BWW Reviews: Baltimore Symphony's 'Off the Cuff': Dvorak's New World Symphony

BWW Reviews: Baltimore Symphony's 'Off the Cuff': Dvorak's New World Symphony

What an evening it was with Maestra Marin Alsop conducting the Baltimore Symphony's rendition of Dvorak's popular New World Symphony, his 9th, as part of her "Off the Cuff" series. What is "Off the Cuff". Four times a season, the BSO starts one hour early, at 7 p.m. (to allow dinner after the concert). Prior to the performance of one piece of music in its entirety, Alsop takes a microphone and addresses the audience about the music with hints of coming attractions, using the BSO's musicians to give a sneek peak of what's to come and explaining what a composer has in mind. It is thoroughly enjoyable.

Not only is Alsop incredibly knowledgable, she has an amazing sense of humor. It will remind many of Leonard Bernstein's popular "Young People's Concerts" with the New York Philharmonic.

Accompanying the BSO was the incredible Morgan State University Choir under Dr. Eric Conway, Director.

Part of the beauty of the work's second movement, "Largo" is a goreous theme played by Jane Marvine on the English Horn. Alsop mentioned it's beauty and simplicity celebrated an American tradition. The theme later became the spiritual "Goin' Home". The Choir sang beautifully. Prior to this, they sang the American Spiritual "Steal Away". Both received great ovations. One problem I noticed was the Choir's conductor was placed in the rear of the orchestra and deserved a spot light.

Alsop mentioned that Dvorak was one of six children with a modest background. He was born in Prague in 1841. His father was a butcher, innkeeper and played the zither. At the age of thirteen, he was sent to live with a music teacher and learned the organ and viola. At the age of 30, he was conducting the Bohemia Theatre Orchestra playing a lot of Wagner. He was always composing and he entered a competition with 15 works he submitted which included two symphonies, an overture, and song cycles. He won first prize and Brahms became his biggest fan. He shared a love of folk music with Brahms. Dvorak's works have included folk dances that were Czech, Polish, Moravian, and Slavonic.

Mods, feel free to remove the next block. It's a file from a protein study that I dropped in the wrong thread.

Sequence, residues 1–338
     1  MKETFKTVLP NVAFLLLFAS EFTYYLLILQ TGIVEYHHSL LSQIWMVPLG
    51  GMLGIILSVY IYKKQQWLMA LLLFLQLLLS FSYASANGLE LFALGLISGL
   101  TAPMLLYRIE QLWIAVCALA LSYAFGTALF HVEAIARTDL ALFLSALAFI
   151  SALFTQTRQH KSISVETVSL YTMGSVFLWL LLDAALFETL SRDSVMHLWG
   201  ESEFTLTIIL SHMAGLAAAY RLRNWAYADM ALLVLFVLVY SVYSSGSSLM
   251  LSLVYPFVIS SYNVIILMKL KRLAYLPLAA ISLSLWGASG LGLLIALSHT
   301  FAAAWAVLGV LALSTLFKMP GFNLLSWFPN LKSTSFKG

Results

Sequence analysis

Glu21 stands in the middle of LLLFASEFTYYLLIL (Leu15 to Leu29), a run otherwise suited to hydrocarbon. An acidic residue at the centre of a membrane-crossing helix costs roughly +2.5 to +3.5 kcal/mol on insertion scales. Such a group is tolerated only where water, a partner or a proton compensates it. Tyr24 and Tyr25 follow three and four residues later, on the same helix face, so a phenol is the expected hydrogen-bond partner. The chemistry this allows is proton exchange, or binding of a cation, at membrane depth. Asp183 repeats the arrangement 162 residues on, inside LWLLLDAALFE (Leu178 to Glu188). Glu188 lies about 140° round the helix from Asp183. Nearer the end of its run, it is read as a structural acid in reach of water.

Before Dvorak published his 9th Symphony, he had Brahms proof read it. He had success in London and Russia. He refused to Germanize his name and was shunned by the Vienna Philharmonic. Alsop then mentioned, this orchestra todau is still not that tolerant since they only have five females.

Dvorak came to America at the invitation of Jeanette Thurber to head a music conservatory in New York which later became the Julliard School. She wanted a conservatory for everyone. Alsop discussed how she envisioned Dvorak on the ship to America when the French Horns were playing.

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Charles Shubow Originally from Boston, Charles' first college show was "Barefoot in the Park," he played the role of the telephone repairman. Next came "How to Succeed..." in which he played in the ensemble and then Chairman of the Board. He appeared in "Fiddler on the Roof" at the White Marsh Dinner Theatre as Lazar Wolf. Charles' daughter Britt played one of Tevye's younger daughters. Britt later completed a five year stint in Broadway's "Mamma Mia!" as the Sophie understudy. Charles conducts theatre trips to Broadway shows as the "Shubow Shuttle."

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